Crawled. I
                crawled. Knees and palms.
                                                                Concrete scratching
my fingertips.
                                My heart’s heat a rotten star
                                                                                in my chest, ratcheting
with each breath,
                                                through my right temple
so loud
               I was sure the deer off the trail
                                                                               could hear it.
June day as still
                               as my cotton tongue.
                                                                A running man burns
five hundred calories
                                               an hour,
                                                                and I wanted that hour.
Wasn’t there. I
                               wasn’t there.
                                                I was in my head, my room,
the framed picture
                               of my body five years before,
                                                                                             thin and slender,
knee-deep in the lake’s
                                               burnished silver surface.
                                                                                            Trees surrendered their needles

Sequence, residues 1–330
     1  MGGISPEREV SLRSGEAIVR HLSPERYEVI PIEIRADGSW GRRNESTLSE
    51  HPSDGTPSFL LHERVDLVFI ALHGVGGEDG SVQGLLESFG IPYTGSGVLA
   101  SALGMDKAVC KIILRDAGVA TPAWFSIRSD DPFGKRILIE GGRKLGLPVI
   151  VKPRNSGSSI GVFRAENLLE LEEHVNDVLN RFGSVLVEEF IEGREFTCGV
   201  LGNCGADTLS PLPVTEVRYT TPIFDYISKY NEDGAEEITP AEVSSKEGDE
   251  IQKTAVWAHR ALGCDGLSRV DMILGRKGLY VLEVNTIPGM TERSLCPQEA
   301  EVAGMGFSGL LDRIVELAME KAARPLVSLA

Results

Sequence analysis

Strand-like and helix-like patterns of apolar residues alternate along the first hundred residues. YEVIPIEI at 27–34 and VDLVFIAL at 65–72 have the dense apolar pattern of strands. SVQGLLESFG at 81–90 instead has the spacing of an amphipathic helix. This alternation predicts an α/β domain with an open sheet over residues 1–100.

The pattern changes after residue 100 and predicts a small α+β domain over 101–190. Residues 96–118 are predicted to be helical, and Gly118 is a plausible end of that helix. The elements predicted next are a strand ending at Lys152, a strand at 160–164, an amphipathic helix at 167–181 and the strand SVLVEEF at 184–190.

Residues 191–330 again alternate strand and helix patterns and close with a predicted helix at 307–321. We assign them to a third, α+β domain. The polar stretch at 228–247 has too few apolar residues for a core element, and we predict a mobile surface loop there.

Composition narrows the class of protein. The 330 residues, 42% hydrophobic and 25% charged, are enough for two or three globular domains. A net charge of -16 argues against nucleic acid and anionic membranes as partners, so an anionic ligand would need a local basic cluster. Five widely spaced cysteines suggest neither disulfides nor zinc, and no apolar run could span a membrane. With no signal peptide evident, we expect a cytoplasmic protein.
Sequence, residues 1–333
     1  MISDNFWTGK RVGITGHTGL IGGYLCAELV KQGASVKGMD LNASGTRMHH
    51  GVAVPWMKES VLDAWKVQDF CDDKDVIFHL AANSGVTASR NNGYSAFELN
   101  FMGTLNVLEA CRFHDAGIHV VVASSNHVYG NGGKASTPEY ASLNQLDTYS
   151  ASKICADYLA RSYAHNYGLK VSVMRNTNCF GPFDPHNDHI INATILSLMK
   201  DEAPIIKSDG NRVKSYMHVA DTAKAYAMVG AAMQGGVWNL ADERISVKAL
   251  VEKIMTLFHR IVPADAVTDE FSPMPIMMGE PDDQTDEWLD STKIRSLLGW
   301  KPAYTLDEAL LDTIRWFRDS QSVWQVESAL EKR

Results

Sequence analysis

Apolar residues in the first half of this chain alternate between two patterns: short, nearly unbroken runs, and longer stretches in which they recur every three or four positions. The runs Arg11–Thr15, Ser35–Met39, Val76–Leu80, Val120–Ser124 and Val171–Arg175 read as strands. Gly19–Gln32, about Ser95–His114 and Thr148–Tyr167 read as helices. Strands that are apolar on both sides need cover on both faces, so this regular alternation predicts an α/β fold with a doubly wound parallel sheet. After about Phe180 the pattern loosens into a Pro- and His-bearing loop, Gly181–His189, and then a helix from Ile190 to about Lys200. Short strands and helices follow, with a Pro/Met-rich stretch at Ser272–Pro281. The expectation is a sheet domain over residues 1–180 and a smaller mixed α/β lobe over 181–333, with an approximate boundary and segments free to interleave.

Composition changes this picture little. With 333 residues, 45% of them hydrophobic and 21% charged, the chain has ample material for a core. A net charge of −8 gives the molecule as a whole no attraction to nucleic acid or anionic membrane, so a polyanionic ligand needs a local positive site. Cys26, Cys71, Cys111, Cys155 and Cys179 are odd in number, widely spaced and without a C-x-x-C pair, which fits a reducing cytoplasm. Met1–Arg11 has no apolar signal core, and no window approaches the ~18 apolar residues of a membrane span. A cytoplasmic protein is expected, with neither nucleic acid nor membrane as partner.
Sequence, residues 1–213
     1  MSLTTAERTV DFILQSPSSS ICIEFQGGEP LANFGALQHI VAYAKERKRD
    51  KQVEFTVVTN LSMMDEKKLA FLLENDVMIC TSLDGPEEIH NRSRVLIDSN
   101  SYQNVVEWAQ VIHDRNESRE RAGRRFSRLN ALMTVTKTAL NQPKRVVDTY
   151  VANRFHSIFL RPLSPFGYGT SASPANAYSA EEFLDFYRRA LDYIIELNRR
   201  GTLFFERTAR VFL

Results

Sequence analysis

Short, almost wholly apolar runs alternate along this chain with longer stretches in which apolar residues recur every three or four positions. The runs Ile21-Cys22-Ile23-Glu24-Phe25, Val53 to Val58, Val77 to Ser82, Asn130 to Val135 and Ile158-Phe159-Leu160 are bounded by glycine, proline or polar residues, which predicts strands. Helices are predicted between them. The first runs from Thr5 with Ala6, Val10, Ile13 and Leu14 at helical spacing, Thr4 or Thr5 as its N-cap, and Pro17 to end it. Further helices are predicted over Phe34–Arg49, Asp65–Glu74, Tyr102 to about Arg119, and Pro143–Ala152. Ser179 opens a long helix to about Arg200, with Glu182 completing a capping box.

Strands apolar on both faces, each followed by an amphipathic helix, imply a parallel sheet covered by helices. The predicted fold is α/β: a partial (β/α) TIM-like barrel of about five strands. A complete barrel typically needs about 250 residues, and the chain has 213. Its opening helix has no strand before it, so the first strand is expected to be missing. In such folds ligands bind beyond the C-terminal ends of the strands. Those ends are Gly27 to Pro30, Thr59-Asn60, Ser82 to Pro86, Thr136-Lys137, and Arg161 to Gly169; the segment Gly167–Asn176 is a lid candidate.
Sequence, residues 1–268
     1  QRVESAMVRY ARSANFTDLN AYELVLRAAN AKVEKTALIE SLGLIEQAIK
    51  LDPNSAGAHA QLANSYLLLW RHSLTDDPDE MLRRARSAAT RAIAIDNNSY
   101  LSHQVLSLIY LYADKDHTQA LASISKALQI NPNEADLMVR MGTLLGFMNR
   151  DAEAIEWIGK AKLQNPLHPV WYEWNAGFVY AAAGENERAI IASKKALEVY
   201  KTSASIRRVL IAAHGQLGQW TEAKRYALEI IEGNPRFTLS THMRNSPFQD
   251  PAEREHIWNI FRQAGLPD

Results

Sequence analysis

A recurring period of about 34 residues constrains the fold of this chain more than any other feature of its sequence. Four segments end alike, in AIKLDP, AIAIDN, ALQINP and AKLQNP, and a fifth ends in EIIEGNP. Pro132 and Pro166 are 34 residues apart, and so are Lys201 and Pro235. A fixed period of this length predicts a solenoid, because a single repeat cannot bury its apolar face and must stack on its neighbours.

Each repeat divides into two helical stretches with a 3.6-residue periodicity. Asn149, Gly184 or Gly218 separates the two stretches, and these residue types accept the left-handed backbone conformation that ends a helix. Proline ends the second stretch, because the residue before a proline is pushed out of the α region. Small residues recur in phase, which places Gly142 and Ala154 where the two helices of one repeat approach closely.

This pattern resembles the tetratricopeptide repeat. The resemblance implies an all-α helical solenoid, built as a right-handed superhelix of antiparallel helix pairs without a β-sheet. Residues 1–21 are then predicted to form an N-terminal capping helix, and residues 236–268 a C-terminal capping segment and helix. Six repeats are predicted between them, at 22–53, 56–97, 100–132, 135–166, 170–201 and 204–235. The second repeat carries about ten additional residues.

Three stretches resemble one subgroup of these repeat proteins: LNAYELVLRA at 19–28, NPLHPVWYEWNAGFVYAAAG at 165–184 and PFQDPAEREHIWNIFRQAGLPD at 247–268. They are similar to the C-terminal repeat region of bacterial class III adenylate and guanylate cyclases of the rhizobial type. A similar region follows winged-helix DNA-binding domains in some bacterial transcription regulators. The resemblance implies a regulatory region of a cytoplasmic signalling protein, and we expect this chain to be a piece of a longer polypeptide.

and pitch onto my shoulders,
                                               a sharp perfume
                                                                               like loss, both sweet
and sting.
               And, face warm against concrete,
                                                                               I wanted to lose.
Lose those years
                               and be buried in that glass frame,
                                                                                             in that photo’s thin body.
I was there,
                               inside that perfect,
                                                                               that everything I wanted.


Revival, Epworth Bible Camp, Summer 2007

I’m the strut of starlight
in the open tabernacle—
I’m the songs of leopard frogs
in the dew-spackled grass.
all backbone and fire-wrack.
I’m the warp and the wrest.
I’m the rasped ash
of a wasp rising, rising,
I’m ridden. I’ve rode.
I’ve rid. I’ve lost
my tongue, my tonsils.
My throat’s an owl falling,
I’m burr-licked.
I’m clown and cloud
I’m the end.
And the end.

Photo by Tom Hilton

Kirk Schlueter

KIRK SCHLUETER received his MFA in poetry at Southern Illinois University-Carbondale. His work has been a finalist for the Indiana Review Poetry Prize and the Yemassee contest, and has appeared or is forthcoming in Ninth Letter, Gulf Stream, and the minnesota review among others. He has been awarded a full scholarship to the NYS Summer Writers Institute, and been a part of the Hungry Young Poets Reading Series in St. Louis, where he lives and works as a copywriter.

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